“having regard to what you know about this defendant, you may think that he is entitled to ask him to give [considerable] weight to his good character in deciding whether the prosecution has satisfied you of his guilt.”
16. In essence Mr Barlow accepts the direction as far as it went was correct but he says that this was a case where it was, he would submit, essential to add the additional words.
17. We would certainly not wish to discourage the adding of those words in appropriate cases. But it is plainly a matter for the judge’s discretion. In this case the jury were squarely faced with the fact that the defendant is a man of 69. They knew perfectly well that he was a clergyman. There was reference to the very recent evidence, given that very day, of the three people who spoke highly of him. The lack of an additional sentence emphasising in his particular case good character does not appear to us to have been essential to have resulted in any significant flaw in an otherwise satisfactory summing-up.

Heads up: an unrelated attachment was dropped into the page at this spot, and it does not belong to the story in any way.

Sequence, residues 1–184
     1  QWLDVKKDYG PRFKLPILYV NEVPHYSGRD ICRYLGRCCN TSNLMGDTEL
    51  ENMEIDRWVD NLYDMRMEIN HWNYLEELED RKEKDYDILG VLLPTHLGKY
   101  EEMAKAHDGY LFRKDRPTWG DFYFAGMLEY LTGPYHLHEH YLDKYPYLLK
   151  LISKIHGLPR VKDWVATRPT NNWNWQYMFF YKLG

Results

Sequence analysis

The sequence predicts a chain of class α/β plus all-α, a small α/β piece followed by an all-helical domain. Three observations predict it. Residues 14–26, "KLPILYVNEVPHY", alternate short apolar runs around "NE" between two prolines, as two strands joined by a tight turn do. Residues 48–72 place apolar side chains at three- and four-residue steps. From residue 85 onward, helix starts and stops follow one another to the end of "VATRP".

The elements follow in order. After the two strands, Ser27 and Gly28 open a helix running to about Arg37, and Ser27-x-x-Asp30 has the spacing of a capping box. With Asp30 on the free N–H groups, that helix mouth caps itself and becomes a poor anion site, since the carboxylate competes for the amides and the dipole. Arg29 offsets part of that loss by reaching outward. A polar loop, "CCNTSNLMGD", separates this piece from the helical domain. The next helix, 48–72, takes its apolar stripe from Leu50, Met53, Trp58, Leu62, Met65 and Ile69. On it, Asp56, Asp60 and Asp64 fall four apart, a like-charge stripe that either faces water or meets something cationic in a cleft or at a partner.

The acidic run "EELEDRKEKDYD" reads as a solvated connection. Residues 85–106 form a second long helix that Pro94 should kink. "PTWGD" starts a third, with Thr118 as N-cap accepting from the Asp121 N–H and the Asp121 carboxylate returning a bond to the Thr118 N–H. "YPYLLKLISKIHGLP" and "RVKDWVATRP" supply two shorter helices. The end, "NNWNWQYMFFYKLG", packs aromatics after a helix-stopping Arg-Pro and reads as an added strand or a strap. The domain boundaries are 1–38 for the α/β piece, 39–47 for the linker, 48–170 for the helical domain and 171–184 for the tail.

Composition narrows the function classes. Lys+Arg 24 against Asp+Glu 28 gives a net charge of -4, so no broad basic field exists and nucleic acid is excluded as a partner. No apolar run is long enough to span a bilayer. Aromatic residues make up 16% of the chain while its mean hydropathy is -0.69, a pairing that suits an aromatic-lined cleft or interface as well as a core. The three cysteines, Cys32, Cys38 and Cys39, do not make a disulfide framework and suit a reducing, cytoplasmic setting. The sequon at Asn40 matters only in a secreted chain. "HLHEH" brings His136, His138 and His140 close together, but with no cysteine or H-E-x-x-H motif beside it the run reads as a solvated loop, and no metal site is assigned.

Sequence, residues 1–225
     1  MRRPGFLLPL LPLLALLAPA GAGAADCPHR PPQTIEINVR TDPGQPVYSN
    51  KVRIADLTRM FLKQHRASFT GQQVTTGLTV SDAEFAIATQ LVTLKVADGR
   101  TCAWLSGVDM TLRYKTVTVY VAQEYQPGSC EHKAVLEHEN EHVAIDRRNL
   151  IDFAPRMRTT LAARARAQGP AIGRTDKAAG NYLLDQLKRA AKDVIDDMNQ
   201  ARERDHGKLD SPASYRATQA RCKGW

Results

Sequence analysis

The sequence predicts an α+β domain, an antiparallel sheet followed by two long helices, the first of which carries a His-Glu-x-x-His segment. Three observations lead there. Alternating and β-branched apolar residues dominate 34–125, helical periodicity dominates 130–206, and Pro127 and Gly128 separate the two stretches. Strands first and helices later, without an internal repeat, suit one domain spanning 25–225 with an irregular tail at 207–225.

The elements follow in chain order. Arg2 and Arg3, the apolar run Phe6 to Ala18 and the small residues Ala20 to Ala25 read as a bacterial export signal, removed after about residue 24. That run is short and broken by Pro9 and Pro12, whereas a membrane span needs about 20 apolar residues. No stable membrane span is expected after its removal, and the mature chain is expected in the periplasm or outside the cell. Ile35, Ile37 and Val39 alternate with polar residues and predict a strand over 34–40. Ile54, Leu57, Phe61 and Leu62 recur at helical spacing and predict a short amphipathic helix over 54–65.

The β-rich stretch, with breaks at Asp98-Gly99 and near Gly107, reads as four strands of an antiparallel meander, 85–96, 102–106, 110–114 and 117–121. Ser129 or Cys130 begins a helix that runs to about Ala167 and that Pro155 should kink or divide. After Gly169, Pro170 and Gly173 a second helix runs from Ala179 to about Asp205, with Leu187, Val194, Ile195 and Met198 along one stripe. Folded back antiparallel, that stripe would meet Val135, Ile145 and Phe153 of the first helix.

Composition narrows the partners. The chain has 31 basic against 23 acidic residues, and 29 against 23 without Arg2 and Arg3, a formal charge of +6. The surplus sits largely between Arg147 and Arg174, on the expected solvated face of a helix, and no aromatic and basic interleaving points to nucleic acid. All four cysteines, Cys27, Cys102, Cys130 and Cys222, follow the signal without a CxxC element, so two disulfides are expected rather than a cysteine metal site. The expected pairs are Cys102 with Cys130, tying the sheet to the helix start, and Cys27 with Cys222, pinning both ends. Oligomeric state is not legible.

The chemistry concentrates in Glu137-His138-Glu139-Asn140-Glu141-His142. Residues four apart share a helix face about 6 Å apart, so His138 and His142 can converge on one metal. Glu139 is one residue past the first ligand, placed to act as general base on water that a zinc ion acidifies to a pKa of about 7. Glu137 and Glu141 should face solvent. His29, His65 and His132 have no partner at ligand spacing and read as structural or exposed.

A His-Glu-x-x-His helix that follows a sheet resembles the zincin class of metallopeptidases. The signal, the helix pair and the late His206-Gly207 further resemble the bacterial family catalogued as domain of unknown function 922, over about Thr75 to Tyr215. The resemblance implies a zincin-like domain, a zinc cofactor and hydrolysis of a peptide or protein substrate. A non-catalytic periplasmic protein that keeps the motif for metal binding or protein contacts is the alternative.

18. Standing back, considering the summing-up as a whole and in particular the passages referred to, we cannot see that this summing-up was defective, or that the matter was not fairly and properly laid before the jury. We come to conclusion that the verdicts were here safe. The consequence is that this application for leave must be refused.
Please note that victims of abuse may be triggered by reading this information. These links are generally UK based.
- The Sanctuary for the Abused [A] has advice on how to prevent triggers.